Social media spending by is expected to double in the next year. This per a survey of Fortune 1000 and Forbes 200 marketing executives conducted by Duke University and the American Marketing Association.

Highlights from the survey include:

  • Internet marketing spending as a percent of budget is up 12.2%, while traditional advertising is expected to fall 2.5%.
  • Within one year social media spending is expected to be 10% of all marketing expenditures and nearly 18% in five years.
  • The biggest increase in current social media spending is among B2C Services companies (from 2.9% to 6.9%).
  • The largest increase in social media spending in the next year will come among B2B Services companies (from 6.5% to 11%).

No question law firms are paying attention to social media today. Social media is all the buzz at legal industry conferences. The ABA Annual Conference has no less than 12 sessions concerning social media. However, I’m not sure social media spending will be 10 or 11% of law firm marketing budgets in the next year.

Some small and solo law firms which look to word of mouth, networking, and relationship building as their principal means of business development may hit those numbers when factoring in a combination of lawyers’ time and consulting and social media solution expenses.

Large law firms may have a marketing budget of 3 to 5% of gross revenue. Assuming $750 million in revenue means a marketing budget of $22.5 to $37.5. I’d be surprised to hear of managing partners and chief marketing officers of large law firms planning to spend $3 to $4 million on social media. Such firms are apt to spend their Internet marketing dollars on websites, email newsletters, alerts, directories, and Internet public relations.

Law firms have more to gain from social media than other business. Social media is based upon on engagement, networking, reputation building, and relationships. The exact keys to business development success in the law.

Social media provides a golden opportunity for law firms to gain an edge on their competitors. It’ll be interesting to see what firms take advantage of the opportunity by keeping pace with their client companies when it comes to social media spending.

Hat tip to Brian Solis for turning me on to this survey.

  • …and, for Heaven’s sake, in many cases, just *start* spending on social media-period!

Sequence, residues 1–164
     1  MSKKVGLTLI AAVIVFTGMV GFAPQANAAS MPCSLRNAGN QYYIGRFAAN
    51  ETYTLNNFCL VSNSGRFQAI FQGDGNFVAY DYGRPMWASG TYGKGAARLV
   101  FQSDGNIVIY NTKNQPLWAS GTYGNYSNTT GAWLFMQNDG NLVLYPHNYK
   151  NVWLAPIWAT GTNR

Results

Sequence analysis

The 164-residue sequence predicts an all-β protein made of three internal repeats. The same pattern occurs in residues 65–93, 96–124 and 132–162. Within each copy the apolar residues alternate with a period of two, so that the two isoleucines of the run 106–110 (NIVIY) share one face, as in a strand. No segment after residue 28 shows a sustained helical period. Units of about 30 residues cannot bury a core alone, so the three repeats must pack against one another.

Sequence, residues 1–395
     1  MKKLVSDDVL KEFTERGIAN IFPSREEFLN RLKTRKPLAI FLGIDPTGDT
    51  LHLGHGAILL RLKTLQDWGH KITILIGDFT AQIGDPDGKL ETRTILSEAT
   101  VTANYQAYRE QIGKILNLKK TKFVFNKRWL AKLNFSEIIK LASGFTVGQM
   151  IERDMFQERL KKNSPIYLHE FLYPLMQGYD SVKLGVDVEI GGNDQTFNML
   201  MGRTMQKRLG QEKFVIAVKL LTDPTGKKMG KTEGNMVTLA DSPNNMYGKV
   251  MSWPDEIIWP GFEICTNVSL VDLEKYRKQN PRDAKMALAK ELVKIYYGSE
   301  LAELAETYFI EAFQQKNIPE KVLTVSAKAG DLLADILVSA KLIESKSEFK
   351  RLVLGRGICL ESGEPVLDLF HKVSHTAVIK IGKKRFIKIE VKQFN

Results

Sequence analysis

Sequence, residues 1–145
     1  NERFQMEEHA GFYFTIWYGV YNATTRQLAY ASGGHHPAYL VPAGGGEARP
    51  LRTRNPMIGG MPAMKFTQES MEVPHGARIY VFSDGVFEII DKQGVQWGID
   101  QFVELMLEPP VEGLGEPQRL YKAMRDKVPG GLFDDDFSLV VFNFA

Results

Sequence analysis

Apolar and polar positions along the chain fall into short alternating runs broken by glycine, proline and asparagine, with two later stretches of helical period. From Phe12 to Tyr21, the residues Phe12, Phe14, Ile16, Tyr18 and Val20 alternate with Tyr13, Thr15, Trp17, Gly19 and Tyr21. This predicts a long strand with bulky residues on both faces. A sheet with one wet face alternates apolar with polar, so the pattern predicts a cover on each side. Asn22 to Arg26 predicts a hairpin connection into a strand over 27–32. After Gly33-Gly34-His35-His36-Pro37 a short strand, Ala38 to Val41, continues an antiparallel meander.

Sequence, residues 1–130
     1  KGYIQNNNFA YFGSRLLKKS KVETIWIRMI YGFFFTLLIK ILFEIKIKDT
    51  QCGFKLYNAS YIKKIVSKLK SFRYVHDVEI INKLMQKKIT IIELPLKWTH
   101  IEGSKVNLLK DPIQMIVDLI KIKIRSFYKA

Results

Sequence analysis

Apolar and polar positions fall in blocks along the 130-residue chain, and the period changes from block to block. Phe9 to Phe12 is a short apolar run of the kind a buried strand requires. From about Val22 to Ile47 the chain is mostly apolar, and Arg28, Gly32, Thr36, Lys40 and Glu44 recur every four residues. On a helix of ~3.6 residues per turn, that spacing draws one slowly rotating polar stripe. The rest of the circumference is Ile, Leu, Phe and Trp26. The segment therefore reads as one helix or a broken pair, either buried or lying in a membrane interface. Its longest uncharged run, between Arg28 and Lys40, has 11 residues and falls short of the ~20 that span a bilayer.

Kevin, it will be interesting to watch how law firms trend in this area. Firms just need to find a way to become educated enough to get over the fear they are feeling. I spoke to a law firm representative this week who said he didn’t have time to do what he normally does in his job, much less worry about social media, so it wasn’t going to happen for a while. I reminded him there are ways to reach out and ask for help, and that he doesn’t do everything else in his marketing plan himself, and not to think of social media as being something he needs to master personally before dipping his firm’s toe in the water, or thinking about how to add social media to overall marketing strategy.

  • It does start with education Nancy. Most law firms, understandably, do not understand social media. The first $ I would spend on social media if I were a law firm is on education. What’s this all about? If we were to engage on social media, what would we do? What are other law firms like ours doing?
    The key is getting someone who can truly help educate you. Many law firms are being led on the social media front by in-house people and consultants who don’t understand social media. There are far too many marketing/pr professionals trying to re-create their careers on the back of social media being received by law firms and bar assocations as social media authorities.

  • I think all attorneys need to be concerned about social media, because the Bar association and all other law related organizations, like the “Commission on Judicial Performance,” are not doing anything to protect the public from criminally inclined attorneys and Judges.
    The media as a whole needs to dig deep in to what these professionals are doing, not so much in this genre, but definitely in family law where children are hurt for profit.

  • I think Law firms would have already participated in the Facebook’s latest Question and Answer area to get out public opinion. If not I would suggest they prefer social commerce to get know about them. What say?